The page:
Microsoft’s big problem is basic economics. Their competition may not be able to match Office in all of the details, but each has it’s own specialties, and none of them are anywhere near as expensive. Let’s look at some of the major competitors.

Google Docs, while it has some limitations is free, and it’s collaboration features are far better than what Microsoft offers. One major problem is that you have to be online to use it, but it also is Operating System independent. As long as you have a modern web browser, you could use Google Docs on any computer, or for that matter, on your smart phone.

Word Perfect Office has formatting capabilities in it’s word processor that Microsoft has never been able to match. Many law offices use it, because it has formatting that is designed specifically for the legal profession. It is also less expensive than Microsoft Office. Word Perfect Office is Windows only, so in effect Corel has tied their future to that of their main competitor. Is this wise?

OpenOfficeOrg is free! Not only is Microsoft incapable of matching the price, OOO has a plug in system that allows programmers to customize it, something that Microsoft Office lacks. Oh, and versions of it are available for most operating systems. You could be using a Windows PC at work, and a Mac at home, but have the same office suite installed on both. Professional writers often use OOO. In many ways it’s the most reliable office suite on the market.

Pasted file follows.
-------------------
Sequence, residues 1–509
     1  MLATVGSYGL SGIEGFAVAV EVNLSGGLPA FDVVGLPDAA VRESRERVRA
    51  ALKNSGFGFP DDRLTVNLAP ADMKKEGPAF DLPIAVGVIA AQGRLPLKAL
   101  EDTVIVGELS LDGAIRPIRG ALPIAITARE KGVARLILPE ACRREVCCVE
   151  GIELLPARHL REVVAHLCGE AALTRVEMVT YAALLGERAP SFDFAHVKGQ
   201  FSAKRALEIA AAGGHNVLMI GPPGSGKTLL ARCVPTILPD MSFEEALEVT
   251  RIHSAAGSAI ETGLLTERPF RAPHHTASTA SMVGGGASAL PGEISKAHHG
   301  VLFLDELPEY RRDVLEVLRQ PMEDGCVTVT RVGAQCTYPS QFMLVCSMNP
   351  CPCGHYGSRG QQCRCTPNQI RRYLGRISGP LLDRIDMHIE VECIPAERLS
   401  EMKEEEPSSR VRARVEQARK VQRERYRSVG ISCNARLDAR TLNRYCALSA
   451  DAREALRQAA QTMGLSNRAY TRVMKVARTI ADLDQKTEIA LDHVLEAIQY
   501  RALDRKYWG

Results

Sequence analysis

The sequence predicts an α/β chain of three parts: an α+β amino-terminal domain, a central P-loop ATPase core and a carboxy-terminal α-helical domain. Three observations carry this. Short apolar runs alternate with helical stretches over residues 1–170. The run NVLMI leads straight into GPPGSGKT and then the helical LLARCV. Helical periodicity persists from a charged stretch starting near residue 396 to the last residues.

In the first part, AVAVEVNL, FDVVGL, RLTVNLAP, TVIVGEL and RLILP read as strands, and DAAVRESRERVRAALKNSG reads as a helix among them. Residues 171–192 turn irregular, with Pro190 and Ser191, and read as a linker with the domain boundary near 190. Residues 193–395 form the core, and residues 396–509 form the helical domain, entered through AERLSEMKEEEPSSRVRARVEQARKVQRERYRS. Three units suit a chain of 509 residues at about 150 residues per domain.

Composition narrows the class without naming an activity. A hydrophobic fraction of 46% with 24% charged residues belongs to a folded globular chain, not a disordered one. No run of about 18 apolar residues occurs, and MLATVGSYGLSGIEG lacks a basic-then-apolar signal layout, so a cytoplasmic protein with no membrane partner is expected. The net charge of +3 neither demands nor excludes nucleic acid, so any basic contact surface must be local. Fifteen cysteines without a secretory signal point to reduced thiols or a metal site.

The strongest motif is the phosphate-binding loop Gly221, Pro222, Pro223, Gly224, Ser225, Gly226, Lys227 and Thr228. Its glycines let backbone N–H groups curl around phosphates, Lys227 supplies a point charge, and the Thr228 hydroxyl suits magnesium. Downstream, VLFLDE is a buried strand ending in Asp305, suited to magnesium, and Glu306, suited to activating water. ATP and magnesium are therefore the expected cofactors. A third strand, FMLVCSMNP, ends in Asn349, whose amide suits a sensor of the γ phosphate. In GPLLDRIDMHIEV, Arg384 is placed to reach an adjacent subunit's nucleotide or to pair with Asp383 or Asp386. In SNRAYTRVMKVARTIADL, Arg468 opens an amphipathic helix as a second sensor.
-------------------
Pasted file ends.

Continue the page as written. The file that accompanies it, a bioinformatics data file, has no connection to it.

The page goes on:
KOffice is another freebie. While it does offer Windows and Mac versions, they often lag behind the Linux version, which is the important one, and it offers a wide list of features that Office doesn’t have.

IWork is Apple’s Office Suite. As with OS X, the Apple operating system, there’s only one version of IWork. Apple has apparently decided that rather than attempt to offer several versions of it’s two main software packages with artificial distinctions, it would offer one, and give it all of the features of competitor’s ‘Professional’ versions. As a result IWork matches Microsoft Office on features. Oh, and it’s far less expensive.

Basic economic theory indicates that the price of a product should:

  1. Be competitive.
  2. Be based on the materials used.